Is purple the right choice for your branding and marketing? Understand the color theory of purple to find out.
If you are considering purple as a primary color for your brand, it’s a good idea to understand the color theory of purple and cultural references that are associated with it.
Color psychology: Purple is associated with royalty, fantasy, and flowers
You may have learned in history class that purple is associated with royalty. For centuries, purple dye was rare and extremely expensive and therefore only affordable for the most wealthy and royalty. More recently, Queen Elizabeth I prohibited anyone except close members of the royal family to wear it.
Today, the historical connection with royalty may not register with everyone. However, purple is still associated with princesses as well as fantasy and make-believe wizards and fairies. Many beautiful, natural things like butterflies and flowers are purple.
Color psychology: Purple is feminine
Because of these associations, purple feels feminine. While not as overused as <pink>, it is a color used by products and brands that are focused on selling to girls and women. There are several well-known brands targeted at women who use purple. Claire’s sells low-cost jewelry to tweens and teen girls. Curves is a women-only gym and Babies-R-us caters mainly to new moms. Since women account for eighty percent of greeting card sales, purple is a good choice for Hallmark (who also uses the association with royalty by having a crown in their logo).
It may be a risky choice to use purple in your branding or marketing if you sell a product geared toward men (or even the general public) but read on for brands that are successfully embracing purple in their logo.
Best purple logos and brands
There are not many large brands that use purple as their dominant brand color. Blue, red, and black are much more popular. But remember, it’s easier to stand out when you don’t use the typical colors that your competitors have chosen. Probably the most well-known purple corporate brand is FedEx. FedEx pairs the purple with other colors including orange, green and gray to distinguish their different business divisions.
Cadbury also uses purple for its logo and throughout its packaging. They may be marketing to women first—either as the buyers or the consumers.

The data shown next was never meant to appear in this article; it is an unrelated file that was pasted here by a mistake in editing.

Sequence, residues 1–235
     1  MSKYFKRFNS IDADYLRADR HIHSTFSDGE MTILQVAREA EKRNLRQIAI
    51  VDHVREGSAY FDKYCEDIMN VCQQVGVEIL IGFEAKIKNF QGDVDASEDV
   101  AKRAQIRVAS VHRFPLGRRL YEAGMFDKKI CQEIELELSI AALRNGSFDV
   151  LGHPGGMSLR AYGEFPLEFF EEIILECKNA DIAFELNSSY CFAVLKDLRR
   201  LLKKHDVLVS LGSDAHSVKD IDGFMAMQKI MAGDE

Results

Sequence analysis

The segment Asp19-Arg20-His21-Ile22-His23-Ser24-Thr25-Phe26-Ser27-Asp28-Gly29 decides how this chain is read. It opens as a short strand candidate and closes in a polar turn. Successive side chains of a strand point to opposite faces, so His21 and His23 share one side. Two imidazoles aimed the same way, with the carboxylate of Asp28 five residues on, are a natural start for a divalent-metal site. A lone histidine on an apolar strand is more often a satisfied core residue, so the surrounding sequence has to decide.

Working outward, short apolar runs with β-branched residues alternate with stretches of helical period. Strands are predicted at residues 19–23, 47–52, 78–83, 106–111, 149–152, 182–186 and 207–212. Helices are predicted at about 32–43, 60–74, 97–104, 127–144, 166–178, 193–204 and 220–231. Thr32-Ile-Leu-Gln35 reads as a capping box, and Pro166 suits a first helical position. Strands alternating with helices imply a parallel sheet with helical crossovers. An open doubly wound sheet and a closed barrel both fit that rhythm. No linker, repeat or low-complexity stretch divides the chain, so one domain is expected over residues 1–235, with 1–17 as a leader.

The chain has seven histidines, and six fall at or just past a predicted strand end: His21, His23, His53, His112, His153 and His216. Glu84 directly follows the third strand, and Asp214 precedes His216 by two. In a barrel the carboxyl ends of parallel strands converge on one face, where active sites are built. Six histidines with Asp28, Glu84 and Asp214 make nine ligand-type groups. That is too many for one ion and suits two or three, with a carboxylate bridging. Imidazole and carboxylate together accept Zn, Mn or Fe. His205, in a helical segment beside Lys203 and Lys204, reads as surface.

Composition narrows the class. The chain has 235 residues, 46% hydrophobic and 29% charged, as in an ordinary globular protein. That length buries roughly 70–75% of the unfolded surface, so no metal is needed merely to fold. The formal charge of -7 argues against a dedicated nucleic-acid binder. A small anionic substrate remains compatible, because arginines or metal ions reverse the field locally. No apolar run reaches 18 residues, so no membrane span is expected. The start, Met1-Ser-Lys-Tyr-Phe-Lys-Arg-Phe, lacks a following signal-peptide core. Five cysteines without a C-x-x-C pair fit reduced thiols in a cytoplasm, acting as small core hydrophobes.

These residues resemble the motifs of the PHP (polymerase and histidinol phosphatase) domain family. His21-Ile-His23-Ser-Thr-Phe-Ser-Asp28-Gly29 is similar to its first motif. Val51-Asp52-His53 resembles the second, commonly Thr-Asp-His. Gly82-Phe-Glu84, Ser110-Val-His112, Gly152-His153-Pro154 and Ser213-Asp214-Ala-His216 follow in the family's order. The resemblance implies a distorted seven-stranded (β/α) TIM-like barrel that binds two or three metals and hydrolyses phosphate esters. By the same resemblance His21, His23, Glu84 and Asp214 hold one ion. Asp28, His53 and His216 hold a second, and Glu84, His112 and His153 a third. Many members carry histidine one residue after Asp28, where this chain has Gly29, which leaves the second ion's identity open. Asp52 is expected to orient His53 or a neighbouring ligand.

Taco Bell: An unusual purple logo
Taco Bell is an unusual usage of purple in their logo and branding. Earlier versions of their logo used red, yellow and green to represent meat, cheese and lettuce—the primary ingredients of traditional tacos. Then, for years, they had a blue and hot-pink logo. Taco Bell introduced its latest purple logo in 2016. The color was chosen to show how they have a fresh and novel approach to Mexican food.
Is purple associated with streaming and technology?
Roku, Switch and Yahoo! are three brands that are using purple for their logos and branding. All three are involved with technology, Roku and Twitch with streaming and Yahoo! with their web portals and software. Perhaps this is the early signs of a new trend associating purple with media and technology.
Is purple right for your brand?
Finding the right color for your brand depends on what associations you want to come to mind when people see your brand. Purple historically has been tied to royalty, fantasy, nature and female-focused brands. If you are selling a product that is specifically made for women or girls, it’s a natural choice, right behind pink. And the associations with fairies and flowers can be perfect for right the business.
With several technology companies, as well as multi-national FedEx using purple, there appears to be an openness to using the color outside of these traditional themes. Since purple is lesser used than blue, red, or black it may be a good way for your product or service to stand out.